43. 43. • HyperFractionation: – Acceleration with fraction sizes of 2 Gy seems to increase the acute toxicity. – The RTOG has therefore explored acceleration with hyperfractionation, and recent protocols have employed fraction sizes of 1.2 to 1.8 Gy with a concomitant boost technique. – A randomized trial of 168 patients with T2 to T4 tumors, unsuited for cystectomy, compared hyperfractionated EBRT (1 Gy three times a day to a total dose of 84 Gy) with conventional fractionation (2 Gy every day to 64 Gy) • Hyperfractionation achieved superior results with respect to survival at 5 years (27% vs. 18%), local control (12% vs. 7%), and clinical complete response rates (59% vs. 36%), with an increase in late toxicity. • It should be noted, however, that patients in the conventional fractionation arm did poorly compared with those receiving similar treatment in other studies, largely because patients unfit for cystectomy were taken in this study.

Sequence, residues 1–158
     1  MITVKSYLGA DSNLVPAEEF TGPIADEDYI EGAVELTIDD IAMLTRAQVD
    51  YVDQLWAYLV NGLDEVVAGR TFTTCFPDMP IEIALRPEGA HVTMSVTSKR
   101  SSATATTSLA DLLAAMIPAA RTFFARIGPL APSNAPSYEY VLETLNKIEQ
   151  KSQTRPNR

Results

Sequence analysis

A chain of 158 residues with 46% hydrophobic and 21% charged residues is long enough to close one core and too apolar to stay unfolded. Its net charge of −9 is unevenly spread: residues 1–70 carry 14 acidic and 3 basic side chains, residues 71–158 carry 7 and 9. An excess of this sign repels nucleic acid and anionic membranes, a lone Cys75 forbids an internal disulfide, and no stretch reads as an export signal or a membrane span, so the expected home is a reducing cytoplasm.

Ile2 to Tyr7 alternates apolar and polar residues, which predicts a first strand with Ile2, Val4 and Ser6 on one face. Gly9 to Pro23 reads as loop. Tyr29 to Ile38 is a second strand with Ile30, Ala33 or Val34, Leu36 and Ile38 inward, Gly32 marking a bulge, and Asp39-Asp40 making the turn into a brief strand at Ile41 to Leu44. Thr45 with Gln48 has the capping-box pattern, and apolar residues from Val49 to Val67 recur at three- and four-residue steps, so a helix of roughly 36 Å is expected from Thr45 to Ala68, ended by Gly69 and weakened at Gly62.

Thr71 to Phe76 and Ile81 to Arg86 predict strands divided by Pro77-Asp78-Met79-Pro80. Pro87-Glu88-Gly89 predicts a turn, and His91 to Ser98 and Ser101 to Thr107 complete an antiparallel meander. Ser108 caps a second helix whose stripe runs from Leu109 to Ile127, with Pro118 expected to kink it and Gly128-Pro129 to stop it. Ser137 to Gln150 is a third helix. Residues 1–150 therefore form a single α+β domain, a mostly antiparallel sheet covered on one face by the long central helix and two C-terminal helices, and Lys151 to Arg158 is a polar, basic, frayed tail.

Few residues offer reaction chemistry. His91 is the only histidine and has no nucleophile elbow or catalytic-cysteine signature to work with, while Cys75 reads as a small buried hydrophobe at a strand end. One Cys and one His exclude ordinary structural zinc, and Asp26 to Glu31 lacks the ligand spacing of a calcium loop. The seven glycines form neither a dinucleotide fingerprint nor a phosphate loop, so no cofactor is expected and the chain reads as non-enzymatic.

44. 44. • Brachytherapy: – Shortly after completion of the preoperative irradiation regimen (<2 weeks), a suprapubic cystotomy is performed to ascertain the true dimensions of the tumor and to confirm that it is indeed unifocal. – The target area is determined by the surgery and is either the bladder scar after partial cystectomy or the macroscopic tumor plus a 1.5- to 2-cm margin. – Narrow afterloading tubes are then inserted into the target area parallel and halfway through the bladder wall. – If less than 10 to 15 Gy is given preoperatively, then 30 to 60 Gy is given using low-dose-rate therapy. The lower doses are given to those who have had partial cystectomies or complete resections. – In the Netherlands, 30-Gy EBRT is either supplemented with 40-Gy low-dose-rate treatment or 10 fractions of 3.2- Gy, high-dose-rate treatment (two fractions per day with a 6-hour interval between fractions).